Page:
Planning Commission tripped up by ordinance

WORTHINGTON -- Weeks after the Nobles County Board of Commissioners voted not to accept a recommendation from the county's planning commission that would have allowed Mike Fogelman to operate a home-extended business in Seward Township, new detai...

WORTHINGTON - Weeks after the Nobles County Board of Commissioners voted not to  accept a recommendation from the county’s planning commission that would have allowed Mike Fogelman to operate a home-extended business in Seward Township, new details discovered last week made Fogelman’s permit request moot.

The planning commission overlooked one critical detail in Fogelman’s original permit request - the fact that he doesn’t actually live on the site where he wants to operate his business.

That detail halted any further discussions about the plans Fogelman has for the property, at least for now.

Fogelman, flanked by his wife and attorney, said in submitting the application for a permit in late November, his wife made it clear they did not yet reside on the site at 31344 130th St., in rural Fulda. However, she listed it as their home address on the application.

Mike Fogelman said he and his wife are fixing up the home and that contractors were to arrive this week. His plans were to occupy the home in July.


“I just think this is quite unfair,” Fogelman told the commission. “My wife told her (Nobles County Planning and Zoning Administrator Kathy Henderschiedt) what was going on out there and because she doesn’t know the rules of the permit, I’m stuck hiring an attorney to come here tonight. I really don’t believe this is justice.”

Planning Commission Chairman John Penning said if the Fogelmans were living on the site at the first of the year, there would not have been an issue.

“We have to follow our statutes,” Penning said.

Nobles County Attorney Kathleen Kusz confirmed with Fogelman during Wednesday’s meeting that he still resides at an Okabena address.

“If there’s no residency and occupancy, there’s no satisfaction for a home occupation,” Kusz said. “The commission can’t act … if the minimum requirements of residency aren’t met in the first place.”

Kusz sought opinion from land use attorney Scott Anderson, hired by the county to assist with planning and zoning issues, and said it was Anderson’s recommendation the permit be denied.

“Once occupancy is established, the permit could be applied for again,” Kusz noted.

The Fogelmans had already paid $600 for the permit, leading their attorney, Paul Malone, to suggest a continuation of Wednesday’s hearing. In doing so, Fogelman had to sign a waiver essentially stating he agreed to a delay that could extend beyond 60 days.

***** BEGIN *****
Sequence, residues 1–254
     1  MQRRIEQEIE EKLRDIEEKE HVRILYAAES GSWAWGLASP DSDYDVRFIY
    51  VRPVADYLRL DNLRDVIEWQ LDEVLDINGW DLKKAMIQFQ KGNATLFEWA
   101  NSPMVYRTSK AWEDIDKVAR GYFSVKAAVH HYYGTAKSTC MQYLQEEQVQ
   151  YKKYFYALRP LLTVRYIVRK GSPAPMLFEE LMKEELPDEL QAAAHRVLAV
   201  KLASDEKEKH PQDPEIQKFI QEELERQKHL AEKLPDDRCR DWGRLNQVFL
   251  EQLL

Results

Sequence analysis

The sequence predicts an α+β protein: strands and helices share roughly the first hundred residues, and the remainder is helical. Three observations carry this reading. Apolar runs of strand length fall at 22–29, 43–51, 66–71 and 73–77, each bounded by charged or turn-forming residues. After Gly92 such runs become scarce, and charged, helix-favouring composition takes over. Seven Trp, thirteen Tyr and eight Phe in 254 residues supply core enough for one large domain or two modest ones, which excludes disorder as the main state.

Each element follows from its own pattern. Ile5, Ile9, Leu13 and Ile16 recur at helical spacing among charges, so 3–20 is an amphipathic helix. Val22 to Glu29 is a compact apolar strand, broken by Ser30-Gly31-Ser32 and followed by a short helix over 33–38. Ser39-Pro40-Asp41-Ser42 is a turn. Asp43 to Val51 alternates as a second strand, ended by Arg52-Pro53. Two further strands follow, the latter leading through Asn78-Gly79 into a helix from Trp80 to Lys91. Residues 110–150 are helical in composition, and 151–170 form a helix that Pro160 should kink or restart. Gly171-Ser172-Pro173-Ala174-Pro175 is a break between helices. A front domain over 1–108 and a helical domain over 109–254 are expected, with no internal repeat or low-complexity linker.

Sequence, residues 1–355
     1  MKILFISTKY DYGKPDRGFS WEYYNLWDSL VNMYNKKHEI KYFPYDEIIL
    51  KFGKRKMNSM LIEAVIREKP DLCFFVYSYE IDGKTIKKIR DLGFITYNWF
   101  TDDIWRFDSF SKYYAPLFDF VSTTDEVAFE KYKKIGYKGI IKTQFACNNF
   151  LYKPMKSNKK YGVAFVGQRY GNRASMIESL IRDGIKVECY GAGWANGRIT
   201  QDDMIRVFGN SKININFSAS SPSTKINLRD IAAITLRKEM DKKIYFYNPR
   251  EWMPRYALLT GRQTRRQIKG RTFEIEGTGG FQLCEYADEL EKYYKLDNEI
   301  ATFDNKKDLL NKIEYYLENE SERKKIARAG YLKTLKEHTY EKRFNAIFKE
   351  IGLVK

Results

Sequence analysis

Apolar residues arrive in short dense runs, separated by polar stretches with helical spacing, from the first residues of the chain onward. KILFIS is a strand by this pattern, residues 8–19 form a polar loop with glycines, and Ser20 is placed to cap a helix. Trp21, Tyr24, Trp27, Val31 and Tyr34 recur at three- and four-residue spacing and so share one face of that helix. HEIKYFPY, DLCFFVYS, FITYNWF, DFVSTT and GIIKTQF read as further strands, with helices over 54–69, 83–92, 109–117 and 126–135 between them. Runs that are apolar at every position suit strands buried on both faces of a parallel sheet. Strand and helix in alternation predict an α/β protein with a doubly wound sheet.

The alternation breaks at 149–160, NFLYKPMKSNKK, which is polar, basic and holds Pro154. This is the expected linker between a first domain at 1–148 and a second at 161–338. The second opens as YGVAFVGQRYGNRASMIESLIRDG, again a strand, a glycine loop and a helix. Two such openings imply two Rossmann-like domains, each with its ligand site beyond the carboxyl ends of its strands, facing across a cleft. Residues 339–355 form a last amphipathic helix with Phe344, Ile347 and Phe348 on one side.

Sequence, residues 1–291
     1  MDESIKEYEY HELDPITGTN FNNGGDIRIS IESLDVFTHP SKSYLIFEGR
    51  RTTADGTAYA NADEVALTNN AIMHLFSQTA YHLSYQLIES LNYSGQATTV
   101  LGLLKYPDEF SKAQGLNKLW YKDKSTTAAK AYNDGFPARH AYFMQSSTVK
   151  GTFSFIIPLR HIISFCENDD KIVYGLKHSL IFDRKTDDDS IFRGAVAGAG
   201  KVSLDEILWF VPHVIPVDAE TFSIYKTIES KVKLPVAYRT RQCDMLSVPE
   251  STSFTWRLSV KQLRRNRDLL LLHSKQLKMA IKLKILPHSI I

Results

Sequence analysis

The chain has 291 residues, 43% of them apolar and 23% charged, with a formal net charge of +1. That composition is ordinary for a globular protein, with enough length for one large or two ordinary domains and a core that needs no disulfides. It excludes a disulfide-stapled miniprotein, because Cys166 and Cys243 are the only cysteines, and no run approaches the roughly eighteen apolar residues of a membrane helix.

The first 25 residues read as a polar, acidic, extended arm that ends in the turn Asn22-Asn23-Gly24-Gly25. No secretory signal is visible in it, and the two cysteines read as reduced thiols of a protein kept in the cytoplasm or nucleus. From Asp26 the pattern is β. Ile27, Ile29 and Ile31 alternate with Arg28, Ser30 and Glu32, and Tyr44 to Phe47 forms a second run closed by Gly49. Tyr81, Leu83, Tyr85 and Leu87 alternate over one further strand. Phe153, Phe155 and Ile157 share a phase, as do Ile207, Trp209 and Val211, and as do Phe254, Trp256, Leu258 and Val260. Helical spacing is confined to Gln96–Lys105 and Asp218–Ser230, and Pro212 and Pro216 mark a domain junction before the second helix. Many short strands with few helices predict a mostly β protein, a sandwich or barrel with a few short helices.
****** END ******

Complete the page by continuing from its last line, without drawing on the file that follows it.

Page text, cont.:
Henderschiedt said the Fogelmans will need to inform her of the date they establish home occupation at the rural Fulda site. Once they are moved in, a date for the continuation of the public hearing will be set.

“We would be living there already if we knew what was in the rules,” Fogelman said. “I thought if we were working on the property and planned to move there it was OK. Now we’re stuck dealing with the ramifications of it.”

“We made a mistake,” responded Penning.

“Everyone on the commission is responsible for knowing what that (ordinance) says,” added Kusz. “(When) John asked if you lived there and you said ‘no’, everyone should have picked up on it.”

Once Fogelman has moved to the Seward Township site, he will again appear before the commission for his original request - a conditional use permit to operate Mike’s Mini-Excavating at 31344 130th St., Fulda. His request seeks permission to stockpile rock, dirt, clay, asphalt and concrete at the location, as well as do asphalt and concrete crushing, operate an ag drainage business, resell ag drainage material, operate a subsurface sewage treatment system installation business and also apply household septage to MPCA-permitted land on the site.

Julie Buntjer became editor of The Globe in July 2021, after working as a beat reporter at the Worthington newspaper since December 2003. She has a bachelor's degree in agriculture journalism from South Dakota State University.
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